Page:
There is also a second way that our brain sabotages us. When we experience fear, it stops blood from flowing to the front part of our brain. The front part is the cognitive part, where thinking and learning happen. Therefore, if we can't regulate ourselves emotionally, we can't access intellect and decision-making.

When we lack emotional skills, we often don't know what we want and struggle to make decisions, so it is crucial to start moving more into our feelings to heal our childhood issues. This is the way you regain your authentic self. We must become experts in how the emotional pain from the past influences us in the here and now.

Bessel van der Kolk points out that neuroscience shows that we can only change the way we feel by becoming aware of our inner experiences and learning to befriend what is going on inside of ourselves. This means that, no matter how old you are or how perfect you believe your childhood was, everything you are going through now originated in your childhood experiences. Until you can befriend those emotions and experiences, you won't be able to make a change.

Do any of these sound familiar in your life now:

  • You are a great listener, but you don't know how to make conversation because you fear voicing your own opinions and beliefs?
  • Do you go along instead of fighting and protecting yourself?
  • Do you care for others but don't ask for help?
  • Do you get others to decide for you instead of sharing your desires and preferences, or do you not even have any?
  • You can't see when you are being excluded, mistreated, ignored, or abandoned?
  • You can't feel others' anger or fear or see you are in danger?
  • You can't read, or you misread social cues? Your mirroring component is dysfunctional?

Van der Kolk also says, 'All too often, your decisions are based on the fear of getting in trouble or getting abandoned, rather than on the principles of having meaningful and equitable interactions with the world.' All of the above are perfect imperfections that don't make you bad. They are simply learned subconscious behaviors that have led to inauthenticity as adults because we are so afraid of rocking the boat and being rejected.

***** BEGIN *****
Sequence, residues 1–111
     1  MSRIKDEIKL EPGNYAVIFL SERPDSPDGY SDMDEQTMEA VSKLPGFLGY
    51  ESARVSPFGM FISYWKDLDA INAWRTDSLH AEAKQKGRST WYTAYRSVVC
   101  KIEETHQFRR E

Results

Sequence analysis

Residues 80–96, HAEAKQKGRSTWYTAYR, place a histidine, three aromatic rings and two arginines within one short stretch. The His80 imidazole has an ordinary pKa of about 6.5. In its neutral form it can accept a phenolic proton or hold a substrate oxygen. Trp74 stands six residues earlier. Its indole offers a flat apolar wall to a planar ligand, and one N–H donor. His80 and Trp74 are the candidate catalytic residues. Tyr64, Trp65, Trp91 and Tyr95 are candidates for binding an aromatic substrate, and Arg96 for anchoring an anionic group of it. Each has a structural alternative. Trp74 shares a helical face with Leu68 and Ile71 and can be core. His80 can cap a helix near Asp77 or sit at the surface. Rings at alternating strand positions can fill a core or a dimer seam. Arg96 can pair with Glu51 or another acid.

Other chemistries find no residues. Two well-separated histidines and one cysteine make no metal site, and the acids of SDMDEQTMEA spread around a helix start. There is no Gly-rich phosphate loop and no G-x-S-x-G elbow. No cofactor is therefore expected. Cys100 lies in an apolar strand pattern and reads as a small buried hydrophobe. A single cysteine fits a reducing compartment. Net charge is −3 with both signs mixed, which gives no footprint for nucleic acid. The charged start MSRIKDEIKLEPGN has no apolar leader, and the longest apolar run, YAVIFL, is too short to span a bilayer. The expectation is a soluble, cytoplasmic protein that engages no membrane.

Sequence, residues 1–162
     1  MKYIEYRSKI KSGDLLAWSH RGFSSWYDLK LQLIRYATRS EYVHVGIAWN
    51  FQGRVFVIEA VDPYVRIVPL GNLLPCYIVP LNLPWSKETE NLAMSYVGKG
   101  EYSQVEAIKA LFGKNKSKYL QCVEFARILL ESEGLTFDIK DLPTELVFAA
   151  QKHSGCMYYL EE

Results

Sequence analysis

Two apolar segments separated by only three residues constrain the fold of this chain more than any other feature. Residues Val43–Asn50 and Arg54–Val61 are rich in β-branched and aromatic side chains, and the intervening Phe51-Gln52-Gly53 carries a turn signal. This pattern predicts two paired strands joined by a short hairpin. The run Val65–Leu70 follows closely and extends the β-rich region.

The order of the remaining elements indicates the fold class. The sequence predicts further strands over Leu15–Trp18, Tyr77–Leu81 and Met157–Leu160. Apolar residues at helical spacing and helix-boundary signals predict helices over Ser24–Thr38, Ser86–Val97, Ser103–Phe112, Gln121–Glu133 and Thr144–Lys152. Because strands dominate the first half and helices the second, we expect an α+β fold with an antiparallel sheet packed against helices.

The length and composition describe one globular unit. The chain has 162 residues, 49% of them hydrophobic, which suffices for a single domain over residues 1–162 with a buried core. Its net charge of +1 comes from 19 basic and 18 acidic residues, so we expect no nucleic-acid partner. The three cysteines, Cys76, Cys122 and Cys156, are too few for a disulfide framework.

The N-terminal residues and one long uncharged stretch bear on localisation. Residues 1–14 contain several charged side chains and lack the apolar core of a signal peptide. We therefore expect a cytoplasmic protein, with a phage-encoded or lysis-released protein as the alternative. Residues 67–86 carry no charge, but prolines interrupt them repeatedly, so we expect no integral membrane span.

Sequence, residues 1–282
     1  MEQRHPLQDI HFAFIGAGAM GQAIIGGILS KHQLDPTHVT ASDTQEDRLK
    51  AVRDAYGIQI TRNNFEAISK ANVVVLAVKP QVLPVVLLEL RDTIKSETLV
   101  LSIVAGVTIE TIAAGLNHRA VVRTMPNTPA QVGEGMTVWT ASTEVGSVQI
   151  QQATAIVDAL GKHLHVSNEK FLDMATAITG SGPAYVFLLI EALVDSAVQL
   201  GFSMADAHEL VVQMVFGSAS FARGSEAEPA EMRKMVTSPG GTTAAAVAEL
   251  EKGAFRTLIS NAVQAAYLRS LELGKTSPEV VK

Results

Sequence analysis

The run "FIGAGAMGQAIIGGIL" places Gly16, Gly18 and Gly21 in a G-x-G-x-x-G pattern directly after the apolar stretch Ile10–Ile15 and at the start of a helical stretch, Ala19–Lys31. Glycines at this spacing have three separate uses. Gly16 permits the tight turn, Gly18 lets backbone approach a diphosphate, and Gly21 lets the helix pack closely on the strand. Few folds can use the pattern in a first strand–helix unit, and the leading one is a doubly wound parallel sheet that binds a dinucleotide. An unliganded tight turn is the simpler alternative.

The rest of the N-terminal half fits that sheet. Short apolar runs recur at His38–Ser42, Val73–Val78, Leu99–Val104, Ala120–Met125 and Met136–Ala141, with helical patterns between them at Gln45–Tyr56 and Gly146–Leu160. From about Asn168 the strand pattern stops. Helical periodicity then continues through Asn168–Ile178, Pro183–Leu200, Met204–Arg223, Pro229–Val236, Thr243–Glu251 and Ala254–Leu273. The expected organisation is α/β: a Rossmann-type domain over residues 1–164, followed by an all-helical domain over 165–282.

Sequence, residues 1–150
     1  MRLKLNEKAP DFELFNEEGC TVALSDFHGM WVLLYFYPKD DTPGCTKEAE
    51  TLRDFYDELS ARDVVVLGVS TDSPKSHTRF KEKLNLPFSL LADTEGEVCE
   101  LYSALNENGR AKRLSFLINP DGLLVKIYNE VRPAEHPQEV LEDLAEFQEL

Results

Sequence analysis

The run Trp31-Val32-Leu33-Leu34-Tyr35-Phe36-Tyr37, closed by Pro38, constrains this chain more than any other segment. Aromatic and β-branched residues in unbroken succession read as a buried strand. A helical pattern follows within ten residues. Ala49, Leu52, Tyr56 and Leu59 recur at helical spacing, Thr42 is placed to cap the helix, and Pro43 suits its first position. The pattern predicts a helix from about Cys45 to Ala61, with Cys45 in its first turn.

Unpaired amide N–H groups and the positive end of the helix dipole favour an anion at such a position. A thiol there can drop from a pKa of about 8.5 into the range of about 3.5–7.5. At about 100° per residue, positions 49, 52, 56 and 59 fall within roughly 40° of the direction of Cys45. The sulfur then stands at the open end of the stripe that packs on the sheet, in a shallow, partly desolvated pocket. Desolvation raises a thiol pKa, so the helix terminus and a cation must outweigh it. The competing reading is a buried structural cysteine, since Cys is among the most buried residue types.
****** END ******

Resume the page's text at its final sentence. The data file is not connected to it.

As Alice Millar says, 'In every adult lies dormant that small child's fear of punishment at the hands of the parents if he or she should dare to rebel against their behavior. But it will lie dormant only as long as that fear remains unconscious. Once consciously experienced, it will dissolve in the course of time.'

More about the body, fear, and stress

As Gabor Mate says, 'For those habituated to high levels of internal stress since early childhood, it is the absence of stress that creates unease, evoking boredom and a sense of meaninglessness. People may become addicted to their own stress hormones, adrenaline, and cortisol, Hans Selye observed. To such persons, stress feels desirable, while the absence of it feels like something to be avoided.'

These are your workaholics, the people who cannot keep still - or can't date "boring" people. These are people who are consumed with pain, fear, and trauma and who can't bring themselves to stop and feel. But unfortunately, this avoidance doesn't work. You cannot run from your pain and trauma forever and expect to be authentically happy or authentically you.

Unfortunately, our medical disease model is only concerned with prescribing pills to deal with these issues. That is a significant problem for us all. As Van der Kolk says, 'After conducting numerous studies of medications, I have come to realize that psychiatric medications have a serious downside, as they may deflect attention from dealing with the underlying issues. The brain-disease model takes control over people's fate out of their own hands and puts doctors and insurance companies in charge of fixing their problems.' This isn't to say we should get rid of medication, but medication only medicates symptoms; it doesn't treat the cause of conditions.

Since most health conditions are caused by emotional trauma as a child, I am confident that we will rethink how we treat illness and disease in the next few hundred years. With so much apparent evidence, our future relatives will wonder why the medical establishment didn't help people emotionally versus pumping them full of pills?

In conclusion

Because of trauma, we get stuck in fear, and it becomes an emotional, chemical addiction. We fear success, not failure, and become addicted to repeating failure because it requires less brain effort than making a change.

We are now ready to discuss the next stage of the worst day cycle; shame. In the following article, I will show you how we use shame as a self-victimizing power dynamic to stay the child and get the world to care for us.

Stick around to learn how mastering shame and denial are the two most essential steps to reclaiming your authenticity and developing emotional mastery.

How To Heal The Worst Say Cycle - Part 1

How To Heal The Worst Say Cycle - Part 2

Learn more here:

Emotional MasteryFearHealing TraumaMental HealthMindset